I’m very pleased to be able to introduce our next featured philosopher: Heidi Maibom. Take it away Heidi!
Years ago, Walter Sinnott-Armstrong invited me to participate in a symposium on psychopaths and responsibility. That was the first time I started thinking professionally about this issue. I was excited, yet intimidated. Not only is psychopathy not as neat and easy to classify a disorder as some think, but responsibility itself is an extraordinarily vexed issue. People far smarter than I have failed to make much progress. What to do?
I decided to attack the issue from the legal angle. This seemed more manageable, and also more pressing when it comes to psychopaths. Other philosophers were insisting that psychopaths do not have the required capacities to be held legally responsible. A popular move is to argue that without the ability to empathize with others, one cannot fully understand that harming them is wrong (in itself). This means that one does not have the required understanding for legal responsibility (cf. the insanity defense).
A number of assumptions are packed into this charge, namely that psychopaths lack the ability to empathize with others, that empathizing with others is a prerequisite for understanding that harming them is wrong, and that one must fully understand the wrongness of one’s actions in order to be held legally responsible for them. All these assumptions can be questioned. Let us begin with the last idea. How deeply must I understand some wrong in order to be held legally responsible for committing it? Mostly I just have to be able to understand that it is wrong. A philosopher-psychiatrist friend I told about the debate thinks it’s stupid. Psychopaths are capable of understanding that harming others is wrong at least in the relatively superficial sense that I am able to understand, say, why jaywalking is wrong, and that is enough to hold them responsible for harming others. I am not sure I agree, but it’s a refreshingly simple view.
Is empathy required for legal responsibility? Suppose I do not have the ability to empathize with anyone, but I am a devout Kantian. For reasons we do not need to go into here, I kill my nemesis. As a result, I am charged with murder. My lawyer argues that I should be excused on the basis of insanity since I am unable to empathize with others and thus cannot truly appreciate why killing someone is wrong. Does this seem reasonable? Not to me (I am, after all, a hardcore Kantian ;)). Although I am not capable of appreciating empathically the wrongness of killing someone, I still seem able to appreciate enough about the wrongness of killing to hold me responsible for doing so. We don’t know whether there are many hardcore Kantians in the wild. But we also have no reason to think that empathy is the only route to understanding the wrongness of our actions. People with autism, for instance, have empathic deficits too, yet they seem to understand that harming others is wrong.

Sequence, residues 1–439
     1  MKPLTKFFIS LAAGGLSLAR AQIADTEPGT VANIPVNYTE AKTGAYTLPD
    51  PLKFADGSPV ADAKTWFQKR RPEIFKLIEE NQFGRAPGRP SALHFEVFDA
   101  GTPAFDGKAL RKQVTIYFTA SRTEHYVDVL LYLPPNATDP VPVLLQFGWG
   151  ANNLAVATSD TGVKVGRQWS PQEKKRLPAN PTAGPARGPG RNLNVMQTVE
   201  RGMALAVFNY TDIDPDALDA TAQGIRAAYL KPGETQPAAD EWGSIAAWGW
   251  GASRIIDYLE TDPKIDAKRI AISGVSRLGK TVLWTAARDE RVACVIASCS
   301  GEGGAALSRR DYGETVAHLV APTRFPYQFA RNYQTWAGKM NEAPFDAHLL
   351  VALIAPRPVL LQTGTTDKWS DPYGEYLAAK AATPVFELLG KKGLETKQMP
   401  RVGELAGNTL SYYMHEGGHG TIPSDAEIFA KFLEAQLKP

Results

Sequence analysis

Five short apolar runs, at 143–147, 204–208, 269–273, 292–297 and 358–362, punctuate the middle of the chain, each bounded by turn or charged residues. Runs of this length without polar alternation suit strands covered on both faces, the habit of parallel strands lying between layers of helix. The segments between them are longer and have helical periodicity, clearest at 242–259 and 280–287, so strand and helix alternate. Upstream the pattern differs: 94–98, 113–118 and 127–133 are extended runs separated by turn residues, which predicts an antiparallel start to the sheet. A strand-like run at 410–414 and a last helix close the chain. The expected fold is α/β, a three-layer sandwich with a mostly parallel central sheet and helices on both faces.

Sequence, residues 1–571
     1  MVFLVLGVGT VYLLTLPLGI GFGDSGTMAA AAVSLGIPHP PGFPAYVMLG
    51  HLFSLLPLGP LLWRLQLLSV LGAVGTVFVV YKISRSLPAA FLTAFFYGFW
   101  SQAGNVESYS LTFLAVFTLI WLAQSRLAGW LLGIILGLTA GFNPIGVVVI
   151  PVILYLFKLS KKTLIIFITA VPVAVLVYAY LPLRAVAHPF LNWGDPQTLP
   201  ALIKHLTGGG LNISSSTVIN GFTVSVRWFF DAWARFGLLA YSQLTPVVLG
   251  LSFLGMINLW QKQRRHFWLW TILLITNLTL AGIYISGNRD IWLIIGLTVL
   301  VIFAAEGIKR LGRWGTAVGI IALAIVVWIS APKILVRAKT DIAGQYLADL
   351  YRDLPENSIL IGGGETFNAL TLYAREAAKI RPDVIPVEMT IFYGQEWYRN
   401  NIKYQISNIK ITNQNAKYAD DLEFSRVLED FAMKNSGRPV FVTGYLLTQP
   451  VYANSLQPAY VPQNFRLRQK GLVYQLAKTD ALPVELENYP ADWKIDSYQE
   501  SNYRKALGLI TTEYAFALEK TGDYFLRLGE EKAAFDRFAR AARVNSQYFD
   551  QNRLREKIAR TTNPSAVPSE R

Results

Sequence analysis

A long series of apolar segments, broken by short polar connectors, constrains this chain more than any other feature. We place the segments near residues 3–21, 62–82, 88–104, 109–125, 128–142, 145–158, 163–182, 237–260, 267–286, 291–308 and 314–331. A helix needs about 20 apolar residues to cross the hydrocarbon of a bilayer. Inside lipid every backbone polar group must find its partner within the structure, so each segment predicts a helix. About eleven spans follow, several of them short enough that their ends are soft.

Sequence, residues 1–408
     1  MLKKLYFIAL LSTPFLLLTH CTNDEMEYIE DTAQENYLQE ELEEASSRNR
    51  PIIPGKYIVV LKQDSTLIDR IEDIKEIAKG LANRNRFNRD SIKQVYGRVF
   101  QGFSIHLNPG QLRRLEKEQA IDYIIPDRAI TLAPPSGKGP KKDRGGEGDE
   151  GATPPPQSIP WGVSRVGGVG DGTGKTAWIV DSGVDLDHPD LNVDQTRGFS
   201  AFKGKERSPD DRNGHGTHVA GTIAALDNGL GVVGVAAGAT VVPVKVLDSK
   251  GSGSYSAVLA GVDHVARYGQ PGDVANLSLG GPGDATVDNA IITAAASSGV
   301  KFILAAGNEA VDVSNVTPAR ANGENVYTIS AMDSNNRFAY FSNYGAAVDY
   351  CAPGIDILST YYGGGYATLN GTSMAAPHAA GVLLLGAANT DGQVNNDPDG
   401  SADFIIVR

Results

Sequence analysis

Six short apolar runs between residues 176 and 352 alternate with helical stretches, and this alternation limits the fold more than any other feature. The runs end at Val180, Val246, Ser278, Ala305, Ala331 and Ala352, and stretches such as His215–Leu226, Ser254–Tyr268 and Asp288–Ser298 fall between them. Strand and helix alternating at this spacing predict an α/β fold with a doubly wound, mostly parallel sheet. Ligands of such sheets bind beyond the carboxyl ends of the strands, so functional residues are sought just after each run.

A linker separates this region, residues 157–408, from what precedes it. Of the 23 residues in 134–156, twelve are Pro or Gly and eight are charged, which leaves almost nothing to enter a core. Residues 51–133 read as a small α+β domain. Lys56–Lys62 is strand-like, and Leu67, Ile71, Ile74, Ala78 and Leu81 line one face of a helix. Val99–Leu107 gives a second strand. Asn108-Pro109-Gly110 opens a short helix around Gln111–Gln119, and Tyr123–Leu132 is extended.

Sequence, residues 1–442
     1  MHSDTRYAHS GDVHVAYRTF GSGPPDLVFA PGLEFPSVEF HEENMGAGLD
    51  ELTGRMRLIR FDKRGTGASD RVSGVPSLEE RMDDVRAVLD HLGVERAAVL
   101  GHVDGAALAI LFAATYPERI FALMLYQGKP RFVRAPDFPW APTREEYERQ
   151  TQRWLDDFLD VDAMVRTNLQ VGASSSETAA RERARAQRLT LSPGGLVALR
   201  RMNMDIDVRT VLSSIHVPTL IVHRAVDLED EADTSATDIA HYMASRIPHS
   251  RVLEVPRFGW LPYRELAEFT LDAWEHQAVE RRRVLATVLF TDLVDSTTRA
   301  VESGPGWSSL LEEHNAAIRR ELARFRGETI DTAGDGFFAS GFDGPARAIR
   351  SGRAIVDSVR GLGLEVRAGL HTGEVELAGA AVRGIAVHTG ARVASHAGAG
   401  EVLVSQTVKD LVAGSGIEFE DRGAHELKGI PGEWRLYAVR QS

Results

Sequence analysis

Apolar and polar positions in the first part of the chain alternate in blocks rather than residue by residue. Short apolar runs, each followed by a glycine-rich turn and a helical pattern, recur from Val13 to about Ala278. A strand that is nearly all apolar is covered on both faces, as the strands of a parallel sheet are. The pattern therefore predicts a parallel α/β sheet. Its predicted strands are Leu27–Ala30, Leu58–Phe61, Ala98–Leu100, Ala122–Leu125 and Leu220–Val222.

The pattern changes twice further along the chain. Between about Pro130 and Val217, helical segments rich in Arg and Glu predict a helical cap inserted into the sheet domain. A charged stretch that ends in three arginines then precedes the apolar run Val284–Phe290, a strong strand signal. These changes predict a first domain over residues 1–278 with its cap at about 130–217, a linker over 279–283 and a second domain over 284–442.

We can also ask: do psychopaths lack empathy? Far from being a clear-cut case, the evidence is mixed. We have evidence that psychopaths orient to pain in others just fine. Where the trouble starts is in the subsequent response. Where nonpsychopaths show sustained interest in others’ pain and mobilize a strong fear response, psychopaths do not. But this response is known to be under conscious control. It looks just like the response doctors have when they do things like administer painful injections to patients. It seems psychopaths have the ability to muster a full empathic response, but choose not to. It is hard to see how this could be excusing.
Years later, another invitation got me thinking more about Socrates’ idea that no man does evil willingly. Many theories of responsibility, however, seem to work with the tacit assumption that we hold people responsible because when they do wrong they know, in some interesting sense of know, what they do is wrong. But if that is so, we cannot hold most of the people responsible that we do. Something has gone wrong. I think our condition must be looser. Someone is responsible as long as she could have known what she was doing was wrong, as long as gaining that knowledge is not too onerous. But what, more precisely, does this amount to?
The problem with much wrongdoing, it seems to me, is that people do not think of what they are doing under the relevant description. Cases of neglect bring this out. What happens here is that people are stuck in their own point of view and are thinking of their actions purely in terms of the degree to which they satisfy their interests. They fail to adopt a different point of view. One important perspective that is often neglected is that of the victim. But it may not be the only point of view that matters. For one perspective does not automatically trump another. Being able to take the point of view of someone who is not an interested party is also important. If we are unable to do any of these things, we will fail to understand what we are doing in many cases.
How this applies to the responsibility debate is straightforward. One cannot be held responsible for doing something that one could not have known one was doing. If part of what knowing what one is doing rests on one’s ability to take another point of view on one’s action, then being able to take other people’s perspectives is a necessary condition for (moral) responsibility. This view allows that we can be responsible for acting in ways we did not think we were acting at the time, as long as it was not too onerous for us to take up the relevant point of view. It is a consequence of this view that we can be held responsible for being biased and prejudiced. I develop these ideas more in my manuscript: Knowing Me, Knowing You.
If you want to know more, go to my website: heidimaibom.com